The findings are a result of a new radar imaging system created by NASA that can detect how land moves after earthquakes and has been scanning the California landscape since 2009, the Los Angeles Times reported Friday.
Comparing old maps with new images after the April 4 Easter Sunday quake, scientists could see where the earth moved and how earthquake tension shifted northward toward Los Angeles.
The radar system found the quake and its aftershocks triggered movement on at least six faults that run close to heavily populated areas in eastern Los Angeles County and the Inland Empire, researchers say.
"There's a number of activities at the southern parts of these long, dangerous faults that indicate there is a changing stress environment," geophysicist Jay Parker, acting chief of the imaging program, said.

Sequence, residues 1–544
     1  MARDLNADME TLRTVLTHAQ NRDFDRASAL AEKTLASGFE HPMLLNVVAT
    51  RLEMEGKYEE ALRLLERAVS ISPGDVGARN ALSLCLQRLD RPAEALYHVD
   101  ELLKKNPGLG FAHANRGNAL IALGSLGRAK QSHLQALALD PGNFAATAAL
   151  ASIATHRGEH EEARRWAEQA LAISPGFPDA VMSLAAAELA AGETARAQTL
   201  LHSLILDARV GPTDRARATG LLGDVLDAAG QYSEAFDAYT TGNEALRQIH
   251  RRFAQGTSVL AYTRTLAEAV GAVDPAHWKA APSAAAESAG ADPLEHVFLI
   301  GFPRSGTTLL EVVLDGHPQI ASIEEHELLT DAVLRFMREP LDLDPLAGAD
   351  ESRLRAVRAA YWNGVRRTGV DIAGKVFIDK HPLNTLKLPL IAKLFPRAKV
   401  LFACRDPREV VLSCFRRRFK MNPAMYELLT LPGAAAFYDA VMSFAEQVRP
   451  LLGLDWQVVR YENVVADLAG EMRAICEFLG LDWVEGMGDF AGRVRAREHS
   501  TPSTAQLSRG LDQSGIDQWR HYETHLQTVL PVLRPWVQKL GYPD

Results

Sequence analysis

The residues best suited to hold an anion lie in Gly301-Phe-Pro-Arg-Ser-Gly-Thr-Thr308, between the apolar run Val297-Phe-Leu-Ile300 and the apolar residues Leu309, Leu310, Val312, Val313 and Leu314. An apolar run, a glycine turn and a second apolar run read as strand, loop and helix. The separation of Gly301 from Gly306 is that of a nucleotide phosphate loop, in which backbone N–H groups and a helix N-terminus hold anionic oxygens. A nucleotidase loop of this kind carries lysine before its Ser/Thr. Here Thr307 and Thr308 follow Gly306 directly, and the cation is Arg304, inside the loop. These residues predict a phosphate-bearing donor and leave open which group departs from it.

"And because these faults are considered hazardous and potentially may have an earthquake that breaks along their length, this brings the whole picture of activity closer to the Los Angeles area."
One of those faults, the Elsinore fault, could generate a magnitude 7 earthquake if its entire length were to rupture in a single event, "which would be bad news for Los Angeles," Eric Fielding, a geophysicist at NASA's Jet Propulsion Laboratory, said.
The pattern of the northward advance of seismic stress may have triggered the 5.4 magnitude earthquake of July 7 south of Palm Springs, Calif., which was felt as far away as Los Angeles, scientists say.